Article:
Gaza residents have had barely any electricity for days as a result of a power struggle between Hamas and the Palestinian Authority. Many residents say they prefer Israeli governance to Hamas’ rule.
A power struggle between Hamas, which rules the Gaza Strip, and the Palestinian Authority (PA) has left the residents of the Strip without electricity.
The coastal enclave has been experiencing a severe energy crisis over the past few days. Sources inside Gaza’s energy authority said Wednesday that the total supply was now covering only 30 percent of the population’s minimum needs, and most residents have electricity for only eight hours a day.
Gaza’s energy authority reports that two lines feeding Gaza from Israel and Egypt are both down.
In recent days, Gaza’s power station has also been struggling to maintain its output due to both fuel shortages and lack of funds, the Palestinian Ma’an news agency reports.
The energy crisis has brought people to the streets to protest the crisis, with Gaza residents calling for the resignation of PA Prime Minister Rami Hamdallah’s government.
Gaza’s energy authority has blamed the power plant’s low output on taxes imposed by the PA’s petroleum authority. Hamas collects its own taxes,and the milking of Gaza’s residents is Hamas’ main source of income.
An inability to cover these costs forced the power station to close earlier this year for more than a month. It has not run at full capacity for years.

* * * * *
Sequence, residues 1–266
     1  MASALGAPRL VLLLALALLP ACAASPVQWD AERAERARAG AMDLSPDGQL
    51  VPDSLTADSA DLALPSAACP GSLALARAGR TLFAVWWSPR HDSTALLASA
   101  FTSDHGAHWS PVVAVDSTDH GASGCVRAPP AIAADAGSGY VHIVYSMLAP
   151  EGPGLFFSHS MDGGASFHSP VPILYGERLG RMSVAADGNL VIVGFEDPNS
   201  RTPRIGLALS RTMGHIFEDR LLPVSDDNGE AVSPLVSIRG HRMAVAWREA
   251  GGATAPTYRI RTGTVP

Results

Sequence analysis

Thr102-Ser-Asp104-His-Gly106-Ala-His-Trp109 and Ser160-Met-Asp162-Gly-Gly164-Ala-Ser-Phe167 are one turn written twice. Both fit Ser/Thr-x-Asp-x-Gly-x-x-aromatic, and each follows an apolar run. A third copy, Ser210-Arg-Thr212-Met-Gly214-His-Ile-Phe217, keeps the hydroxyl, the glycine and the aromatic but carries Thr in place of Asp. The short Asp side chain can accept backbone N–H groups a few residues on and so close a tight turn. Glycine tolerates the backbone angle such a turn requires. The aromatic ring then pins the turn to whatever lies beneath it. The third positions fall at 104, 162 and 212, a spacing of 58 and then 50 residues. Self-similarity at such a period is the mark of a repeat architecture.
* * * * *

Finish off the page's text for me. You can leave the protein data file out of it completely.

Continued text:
We Prefer Israel Over Hamas
Commenting on the current crisis, local residents told Israel’s Channel 2 they would prefer Israeli governance to Hamas’ rule in Gaza. “Israel is better than Hamas. Electricity is what everyone is talking about. The entire public in Gaza is talking about the distress,” one resident said.
“They have no mercy,” added Ibrahim. “Whoever speaks out is taken to prison for a year or two.”
Hamas has threatened to use force against the protesters.
The power struggle between Hamas and the PA has become a real burden for Gaza’s residents, who suffer the consequences.
“I live in Rafah, there is electricity for four hours, and then we have none for 20 hours,” Majdi said. “The refrigerator does not work, we can’t keep meat, there is no air conditioning. Living in a tent would be better. It is better to live in a tent and not at home.”
By: United with Israel Staff
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